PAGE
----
This simple technique helps in preventing waterlogging in a pot without drainage holes.

Alternative Solutions for Pothos Drainage

If planting pothos without drainage holes doesn’t appeal to you, alternative solutions exist, such as retrofitting drainage holes, using self-watering pots, cachepots, or double potting.

Let’s examine these options in more detail.

Retrofit Drainage Holes

Retrofitting a drainage hole into existing pots can provide proper drainage for your pothos plants without the need to purchase new pots.

To retrofit drainage holes, you’ll need a drill and appropriate drill bits for the pot material (standard drill bits for plastic pots or masonry drill bits for materials like terracotta).

Carefully drill 3-4 holes into the bottom of the pot, ensuring that you don’t damage the container in the process.

After that, you can use the pot as usual.

Try Self-Watering Pots

Self-watering pots can be a game-changer for growing pothos plants, especially when wanting to use pots without traditional drainage. These pots have a built-in reservoir at the bottom that allows the plant to draw water as needed, reducing the risk of overwatering and root rot.

You can even make one yourself!

The design of self-watering pots includes a water storage compartment and a wicking system that transports water from the reservoir to the soil. This ensures that the pothos roots receive a consistent amount of moisture.

When using self-watering pots for pothos, it’s still important to monitor the water level in the reservoir and refill it as necessary.

Use Cachepots and Double Potting

Cachepots and double potting methods can provide proper drainage for your pothos plants while maintaining the aesthetic appeal of decorative pots without drainage holes.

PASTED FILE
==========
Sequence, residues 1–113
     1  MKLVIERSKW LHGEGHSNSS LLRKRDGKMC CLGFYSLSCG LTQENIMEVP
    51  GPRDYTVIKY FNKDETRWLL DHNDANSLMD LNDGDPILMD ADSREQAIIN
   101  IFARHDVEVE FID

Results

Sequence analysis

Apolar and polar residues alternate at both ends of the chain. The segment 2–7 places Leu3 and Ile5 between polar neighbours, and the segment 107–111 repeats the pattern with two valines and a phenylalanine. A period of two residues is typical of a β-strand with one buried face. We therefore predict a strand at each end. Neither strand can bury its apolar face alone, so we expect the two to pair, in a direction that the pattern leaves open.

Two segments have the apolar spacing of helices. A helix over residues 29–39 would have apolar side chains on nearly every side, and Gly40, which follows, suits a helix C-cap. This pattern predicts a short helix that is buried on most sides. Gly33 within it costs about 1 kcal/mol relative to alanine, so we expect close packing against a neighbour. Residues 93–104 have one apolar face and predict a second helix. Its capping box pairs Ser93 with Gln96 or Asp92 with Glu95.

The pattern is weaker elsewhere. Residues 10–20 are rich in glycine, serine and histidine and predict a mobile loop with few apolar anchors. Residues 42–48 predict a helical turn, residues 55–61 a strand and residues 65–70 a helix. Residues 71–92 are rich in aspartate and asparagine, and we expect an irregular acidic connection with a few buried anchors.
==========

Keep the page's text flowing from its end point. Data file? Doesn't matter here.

• A cachepot is a decorative container that houses a plant and its plastic pot, providing a protective outer layer and preventing water from accumulating at the bottom of the pot.

  • Double potting involves placing a grow pot with drainage holes inside a decorative or ornamental container, allowing excess water to escape the grow pot and prevent accumulation at the bottom of the decorative pot.

Both cachepots and double potting methods offer an attractive way to display your pothos plants while ensuring they receive proper drainage.


Growing pothos plants without drainage holes is possible, but it requires extra care and attention to ensure their health and well-being. By creating a drainage layer, adjusting watering, and getting rid of excess water, you can successfully grow pothos plants in pots without drainage holes.

Whether you choose to plant pothos without drainage holes or explore alternative solutions like retrofitting drainage holes or using cachepots or double potting, the key is to provide proper care for your plants.

With the right approach, you can enjoy the beauty and benefits of thriving pothos plants in any type of pot.